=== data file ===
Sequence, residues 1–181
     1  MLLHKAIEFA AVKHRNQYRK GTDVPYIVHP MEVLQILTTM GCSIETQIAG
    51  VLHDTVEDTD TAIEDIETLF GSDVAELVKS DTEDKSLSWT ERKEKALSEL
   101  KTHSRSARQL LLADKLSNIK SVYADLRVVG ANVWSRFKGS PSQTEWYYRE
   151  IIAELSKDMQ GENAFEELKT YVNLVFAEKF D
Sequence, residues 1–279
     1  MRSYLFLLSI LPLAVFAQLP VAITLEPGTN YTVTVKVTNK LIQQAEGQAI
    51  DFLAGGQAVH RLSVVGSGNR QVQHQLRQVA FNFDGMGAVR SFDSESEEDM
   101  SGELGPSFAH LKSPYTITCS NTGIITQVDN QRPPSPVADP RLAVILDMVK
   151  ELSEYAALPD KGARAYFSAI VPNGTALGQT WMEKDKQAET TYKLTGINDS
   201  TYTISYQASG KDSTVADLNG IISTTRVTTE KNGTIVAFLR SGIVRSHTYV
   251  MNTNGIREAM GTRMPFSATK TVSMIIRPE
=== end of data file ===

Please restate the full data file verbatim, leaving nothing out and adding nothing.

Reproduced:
Sequence, residues 1–181
     1  MLLHKAIEFA AVKHRNQYRK GTDVPYIVHP MEVLQILTTM GCSIETQIAG
    51  VLHDTVEDTD TAIEDIETLF GSDVAELVKS DTEDKSLSWT ERKEKALSEL
   101  KTHSRSARQL LLADKLSNIK SVYADLRVVG ANVWSRFKGS PSQTEWYYRE
   151  IIAELSKDMQ GENAFEELKT YVNLVFAEKF D
Sequence, residues 1–279
     1  MRSYLFLLSI LPLAVFAQLP VAITLEPGTN YTVTVKVTNK LIQQAEGQAI
    51  DFLAGGQAVH RLSVVGSGNR QVQHQLRQVA FNFDGMGAVR SFDSESEEDM
   101  SGELGPSFAH LKSPYTITCS NTGIITQVDN QRPPSPVADP RLAVILDMVK
   151  ELSEYAALPD KGARAYFSAI VPNGTALGQT WMEKDKQAET TYKLTGINDS
   201  TYTISYQASG KDSTVADLNG IISTTRVTTE KNGTIVAFLR SGIVRSHTYV
   251  MNTNGIREAM GTRMPFSATK TVSMIIRPE